Over sixty years later the beliefs remained in some quarters, the witchfinders were now called spiritualists.

1905 Bewitched Farm in the Wolds

Bewitched Farm in the Wolds

In 1905 the Lincolnshire Wolds was at the centre of a sensational tale of witchcraft which appeared in local and national newspapers for several weeks.

The story was picked up in the Sheffield Daily Telegraph on 19th January and the various elements to date were then extensively repeated and built upon to the delight of newspaper sellers and their readers everywhere. Many mocked, some sneered but there remained those who took the incident seriously, none more so than the poor servant girl in the eye of the storm, Mabel Sheldrick.

A selection of newspaper stories provide a flavour of these tales which bring to mind scenes from The Sorcerer’s Apprentice. These are followed by a little more information about those involved, the mundane reality of humble people just trying to get by.

The Stories

… mysterious happenings by day and night which occurred in a lonely farmhouse in the wolds are giving colouring to the local belief in witchcraft. ” Amongst peasant folk , naturally there are occurrences regarded as supernatural in nature for which more unromantic and less thrilling explanations can undoubtedly be found … at dinner flowerpots on the windowsill were seen to be wildly whirling around … pans jumped up and down on the shelves, chairs moved jerkily across the floor in broad daylight, brooms danced and household utensils moved even when being closely watched. Nothing would convince the maid that she was not the victim of an unnatural manifestation of power causing her physical pain and mental terror. Mr White and his neighbours believe most firmly that there has been a resuscitation of black magic in the district … Liverpool Echo 23rd Jan 1905

… the village constable a man of unimpeachable probity was sceptical and consequently kept watch and ward in the kitchen. He solemnly declares he saw flowerpots on the windowsill executing mysterious gyrations of their own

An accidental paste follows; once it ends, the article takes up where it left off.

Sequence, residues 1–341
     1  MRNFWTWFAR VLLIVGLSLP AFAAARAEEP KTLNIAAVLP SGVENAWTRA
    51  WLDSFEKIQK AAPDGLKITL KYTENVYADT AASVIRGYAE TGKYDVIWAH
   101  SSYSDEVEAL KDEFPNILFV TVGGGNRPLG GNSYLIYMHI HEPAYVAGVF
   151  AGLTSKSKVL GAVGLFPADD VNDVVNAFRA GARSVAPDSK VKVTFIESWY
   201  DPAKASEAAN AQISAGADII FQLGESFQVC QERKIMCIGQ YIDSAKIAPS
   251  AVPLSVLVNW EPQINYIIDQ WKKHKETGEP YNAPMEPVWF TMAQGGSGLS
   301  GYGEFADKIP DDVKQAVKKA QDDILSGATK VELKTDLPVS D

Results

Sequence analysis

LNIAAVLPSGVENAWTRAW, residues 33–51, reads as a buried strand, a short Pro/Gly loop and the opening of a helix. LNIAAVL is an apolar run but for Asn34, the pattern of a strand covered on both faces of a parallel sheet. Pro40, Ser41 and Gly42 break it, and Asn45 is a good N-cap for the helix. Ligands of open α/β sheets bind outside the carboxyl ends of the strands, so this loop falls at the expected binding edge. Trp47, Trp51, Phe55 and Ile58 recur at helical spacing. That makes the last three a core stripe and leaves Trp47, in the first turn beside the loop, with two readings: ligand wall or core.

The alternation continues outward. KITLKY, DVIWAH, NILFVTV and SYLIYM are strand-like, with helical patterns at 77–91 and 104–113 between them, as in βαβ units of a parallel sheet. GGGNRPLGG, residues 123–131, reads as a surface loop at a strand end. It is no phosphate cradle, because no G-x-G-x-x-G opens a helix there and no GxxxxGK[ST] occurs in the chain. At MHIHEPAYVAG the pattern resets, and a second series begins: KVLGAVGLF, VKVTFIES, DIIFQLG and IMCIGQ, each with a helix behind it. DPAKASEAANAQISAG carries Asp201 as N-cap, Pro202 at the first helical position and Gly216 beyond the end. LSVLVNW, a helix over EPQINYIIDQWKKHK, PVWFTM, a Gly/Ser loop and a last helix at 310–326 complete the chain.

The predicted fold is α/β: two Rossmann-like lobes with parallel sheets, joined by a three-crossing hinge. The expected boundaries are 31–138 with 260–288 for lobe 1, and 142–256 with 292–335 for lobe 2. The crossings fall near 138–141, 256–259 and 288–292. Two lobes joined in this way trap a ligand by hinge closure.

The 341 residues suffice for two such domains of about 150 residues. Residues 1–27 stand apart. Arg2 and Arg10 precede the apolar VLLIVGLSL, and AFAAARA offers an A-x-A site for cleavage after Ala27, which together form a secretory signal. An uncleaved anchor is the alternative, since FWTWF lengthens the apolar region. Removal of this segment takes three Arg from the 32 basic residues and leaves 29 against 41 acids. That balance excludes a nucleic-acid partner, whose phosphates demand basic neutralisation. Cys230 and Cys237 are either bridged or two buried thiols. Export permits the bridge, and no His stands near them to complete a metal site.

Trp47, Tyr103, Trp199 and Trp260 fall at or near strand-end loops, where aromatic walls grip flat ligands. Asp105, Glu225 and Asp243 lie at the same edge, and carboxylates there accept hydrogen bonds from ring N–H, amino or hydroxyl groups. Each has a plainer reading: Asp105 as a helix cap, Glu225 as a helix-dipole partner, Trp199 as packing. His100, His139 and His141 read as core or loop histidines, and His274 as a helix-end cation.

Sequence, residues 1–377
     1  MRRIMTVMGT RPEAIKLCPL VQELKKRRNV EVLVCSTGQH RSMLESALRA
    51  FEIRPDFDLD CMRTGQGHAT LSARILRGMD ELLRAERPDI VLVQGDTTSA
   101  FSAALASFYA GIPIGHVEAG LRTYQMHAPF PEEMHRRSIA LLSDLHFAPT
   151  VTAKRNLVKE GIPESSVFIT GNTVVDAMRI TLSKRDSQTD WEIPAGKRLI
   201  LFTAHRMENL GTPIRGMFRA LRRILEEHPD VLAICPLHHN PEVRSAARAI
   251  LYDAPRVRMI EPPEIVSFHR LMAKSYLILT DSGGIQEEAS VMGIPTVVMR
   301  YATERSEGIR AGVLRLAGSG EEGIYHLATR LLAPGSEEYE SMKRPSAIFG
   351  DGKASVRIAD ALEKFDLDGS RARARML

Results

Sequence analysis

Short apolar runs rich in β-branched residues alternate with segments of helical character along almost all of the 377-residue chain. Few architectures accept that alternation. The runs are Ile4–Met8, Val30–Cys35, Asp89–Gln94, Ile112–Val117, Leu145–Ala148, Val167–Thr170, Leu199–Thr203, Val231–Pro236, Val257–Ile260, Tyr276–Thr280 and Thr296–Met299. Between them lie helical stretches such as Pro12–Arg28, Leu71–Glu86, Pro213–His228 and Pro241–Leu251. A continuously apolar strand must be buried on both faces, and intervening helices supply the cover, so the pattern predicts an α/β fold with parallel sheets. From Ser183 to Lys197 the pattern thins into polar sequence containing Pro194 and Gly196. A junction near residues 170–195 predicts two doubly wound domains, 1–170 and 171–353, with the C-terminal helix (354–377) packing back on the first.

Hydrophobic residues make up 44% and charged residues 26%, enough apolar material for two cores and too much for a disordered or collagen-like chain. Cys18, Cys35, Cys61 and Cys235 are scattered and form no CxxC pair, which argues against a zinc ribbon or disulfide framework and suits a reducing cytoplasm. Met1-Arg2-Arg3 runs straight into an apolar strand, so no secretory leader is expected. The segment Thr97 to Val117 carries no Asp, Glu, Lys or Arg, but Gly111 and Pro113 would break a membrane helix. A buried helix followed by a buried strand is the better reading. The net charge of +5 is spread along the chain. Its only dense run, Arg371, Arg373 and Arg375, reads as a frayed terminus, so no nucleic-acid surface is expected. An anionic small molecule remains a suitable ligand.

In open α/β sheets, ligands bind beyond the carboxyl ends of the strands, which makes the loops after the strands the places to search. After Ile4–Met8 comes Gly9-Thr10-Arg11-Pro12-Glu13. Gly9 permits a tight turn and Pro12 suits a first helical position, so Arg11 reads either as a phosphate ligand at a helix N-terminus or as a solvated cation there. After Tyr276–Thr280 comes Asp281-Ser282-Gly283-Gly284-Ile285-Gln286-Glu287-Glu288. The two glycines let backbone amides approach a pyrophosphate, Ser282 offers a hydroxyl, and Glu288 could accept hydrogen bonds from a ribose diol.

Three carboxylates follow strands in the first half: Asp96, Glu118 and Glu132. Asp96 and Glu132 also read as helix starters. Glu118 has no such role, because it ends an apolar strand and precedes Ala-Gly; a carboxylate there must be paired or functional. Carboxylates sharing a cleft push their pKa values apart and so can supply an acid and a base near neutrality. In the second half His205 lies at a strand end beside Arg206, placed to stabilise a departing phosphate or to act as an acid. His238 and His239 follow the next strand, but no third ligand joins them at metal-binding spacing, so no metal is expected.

Tourquay Times, and South Devon Advertiser Friday 27th Jan 1905

The story was reported far and wide including the following papers: The St James Gazette, The Jarrow Express, The Luton Times & Advertiser, The Bournemouth Daily Echo, The Bolton Evening news, The Leominster News, and The Irish Independent. One of the more tactful reports was that of The Globe which asserted that “The monotony of country life is avoided by these means, and the home kept bright and lively”

The Northampton Mercury noted that the more level headed villagers are inclined to regard the work as that of a practical joker but the household and their immediate friends pin their faith on a witch. Once the popularity of the tales were proved the stories continued.

… A dead rabbit unhooked itself and ran around the house before returning to the hook. When Mrs White saw bottles toppling over one by one and falling from a shelf to break on the tiled floor she called her husband and the servants, they also watched the completion of the spectacle. Two dozen bottles leisurely went to destruction this way, some contained paraffin others oil. Another dead rabbit hung in the dairy transported itself to another room where it was found lying beside a beer barrel. In the dairy three strings of sausages were hung on a line but refused to remain there and after being hung for the third time broke into small pieces. A dozen large dinner plates moved from a shelf and were deposited unbroken beside an earthenware dish. Another … dish of cream over turned … the churn performed a similar feat… When the family were having tea water poured into the kitchen, further investigation showed a large flat bottomed tub had emptied itself, but there was more water than would have filled it. The tub had only been half full of water said Mr White but more water came into the kitchen than would have filled it. I am not superstitious but I am puzzled about these happenings , if I had not seen some of them I would not believe they had occurred.

I saw three large biscuit tins which were on the shelf fall to the floor, together with a side of bacon and three hams which had been thoroughly dried. Up to date Mr White has had 200 fowl killed in a most remarkable manner, their necks, the head and the breast were skinned and their pipe pulled out. This slaughter has been going on continously though the fowl house was watched day and night. Mr White has now only two dozen fowls on the farm.